Skiing would appear to be the ultimate off-the-grid activity. Drive to up a base high up in the mountains, ride a gondola to the top of the mountain, far above the tree lines, and ski the pristine powder in the back bowls. There is little use for artificial propulsion other than the energy that moves the lifts to the top, or that heats the hot cocoa in the lodge. Generally, gravity does the heavy lifting.
Power generation and production is not the sort of activity one usually associates with skiing. For aesthetic reasons, ski resort operators try to limit the noise and infrastructure associated with producing power. Skiers would much rather listen to the sound of snow gently falling and their skis carving arcs on the slopes than to the chugging of a generator.
Which is one of the reasons a few forward-looking ski resort owners are producing power in what may seem to be a highly counterintuitive way—through solar panels. Put another way, they are using sun to make snow and ice.
The Mount Abram Ski Resort in Greenwood, Maine, about 65 miles northwest of Portland, on the edge of the Green Mountain Forest, has set aside about an acre in the parking lot at the base and planted 803 panels arrayed in six rows. Together, they can turn sun rays and ambient light into a number of electrons sufficient to provide 70 percent of the resort’s use. And the main power consumers are snowmaking machines, which are vital for resorts in the New England, where natural snow can’t always be relied upon in the early part of the season. It’s part of a larger effort to make the resort more green, to use less diesel fuel and propane to heat buildings and power snowmobiles. The resort has also installed electric car chargers.
Berkshire East ski resort near the Vermont border, which has 44 trails, has taken this power-production drive a step further. In 2013, it inaugurated what is effectively its own renewable power plant, which produces 1.4 megawatts of capacity when operating at full-tilt. Berkshire East proudly proclaims it as “the first ski area in the world to generate 100% of our power from onsite renewable energy.” The resort has taken a two-pronged approach. First, there’s a giant, 277-foot-tall wind turbine, whose three blades have a 900-kilowatt capacity. Then, on a ten-acre field the resort has planted about 1800 panels, combined with trackers that rotate and follow the sun as it courses through the sky. It has a capacity of 500 kilowatts.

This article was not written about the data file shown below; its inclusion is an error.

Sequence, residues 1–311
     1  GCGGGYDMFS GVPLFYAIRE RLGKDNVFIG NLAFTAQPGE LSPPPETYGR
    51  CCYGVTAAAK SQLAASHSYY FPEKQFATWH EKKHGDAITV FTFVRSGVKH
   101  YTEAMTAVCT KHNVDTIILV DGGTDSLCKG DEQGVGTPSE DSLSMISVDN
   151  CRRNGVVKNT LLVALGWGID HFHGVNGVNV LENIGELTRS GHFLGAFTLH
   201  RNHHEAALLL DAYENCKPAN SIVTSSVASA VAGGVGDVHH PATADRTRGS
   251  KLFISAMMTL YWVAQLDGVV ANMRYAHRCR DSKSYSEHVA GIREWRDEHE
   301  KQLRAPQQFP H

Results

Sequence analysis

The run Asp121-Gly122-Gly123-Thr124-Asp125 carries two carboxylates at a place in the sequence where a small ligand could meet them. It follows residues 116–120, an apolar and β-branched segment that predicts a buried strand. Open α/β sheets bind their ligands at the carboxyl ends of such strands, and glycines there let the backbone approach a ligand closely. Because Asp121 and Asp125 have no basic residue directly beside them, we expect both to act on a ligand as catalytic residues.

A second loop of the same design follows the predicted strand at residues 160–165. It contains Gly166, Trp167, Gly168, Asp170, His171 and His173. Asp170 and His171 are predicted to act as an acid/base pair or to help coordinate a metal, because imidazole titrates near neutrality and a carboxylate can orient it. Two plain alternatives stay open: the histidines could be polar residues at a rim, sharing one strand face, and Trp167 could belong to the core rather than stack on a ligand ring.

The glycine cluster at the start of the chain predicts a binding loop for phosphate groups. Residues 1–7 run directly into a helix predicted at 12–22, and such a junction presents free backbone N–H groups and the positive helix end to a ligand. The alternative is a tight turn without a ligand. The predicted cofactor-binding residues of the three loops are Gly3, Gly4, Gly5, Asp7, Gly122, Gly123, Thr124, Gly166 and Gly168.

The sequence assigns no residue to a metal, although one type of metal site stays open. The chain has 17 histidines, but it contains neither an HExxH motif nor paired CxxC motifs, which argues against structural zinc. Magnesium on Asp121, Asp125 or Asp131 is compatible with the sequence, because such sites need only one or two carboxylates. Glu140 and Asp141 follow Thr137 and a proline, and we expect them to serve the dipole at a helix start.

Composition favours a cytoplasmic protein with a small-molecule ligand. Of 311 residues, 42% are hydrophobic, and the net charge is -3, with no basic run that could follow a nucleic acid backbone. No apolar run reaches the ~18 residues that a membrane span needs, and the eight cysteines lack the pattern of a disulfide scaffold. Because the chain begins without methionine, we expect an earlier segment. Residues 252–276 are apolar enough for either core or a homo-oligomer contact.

The family-run company cites two reasons for undertaking this effort. First, there’s Karma. When looking to the future, many organizations see emissions-free energy as a kind of insurance against global warming and a way of dealing with climate change. “Consider the solar and wind turbines our attempt at increasing distributed renewable generation so that the next generation of skiers can enjoy winter the same way we do,” Berkshire East notes. Second, growing your own power is an insurance policy against volatility. Ski resorts are a business, and one that can be quite fickle—a bad snow season means poor revenues. But they have high fixed costs—overhead, maintenance, staff, and power. Increasingly, as these industries develop, on-site solar and wind is a way of guaranteeing a lower price for electricity. “We cannot trust the price of power to remain stable, so by producing our own power, we have hedged ourselves against future price increases,” the company notes.
There’s more out there—and likely more to come. The Aspen Skiing Company, which operates the legendary Aspen and Snowmass resorts in Colorado, has installed small solar arrays at an employee housing complex, a hotel, and at ski patrol headquarters.
And in Switzerland, where Alpine skiing originated, resort operators in the tiny resort of Tenna have built a solar-powered ski lift. Faced with a lack of flat, open land, they took an innovative approach. In essence, they placed a bunch of solar panels in the form of a suspension bridge on top of the lift. As the panels rotate to track the sun, they produce more than enough power to move skiiers up the mountain. And in the summer, when the lift is idle, it feeds juice into the local community.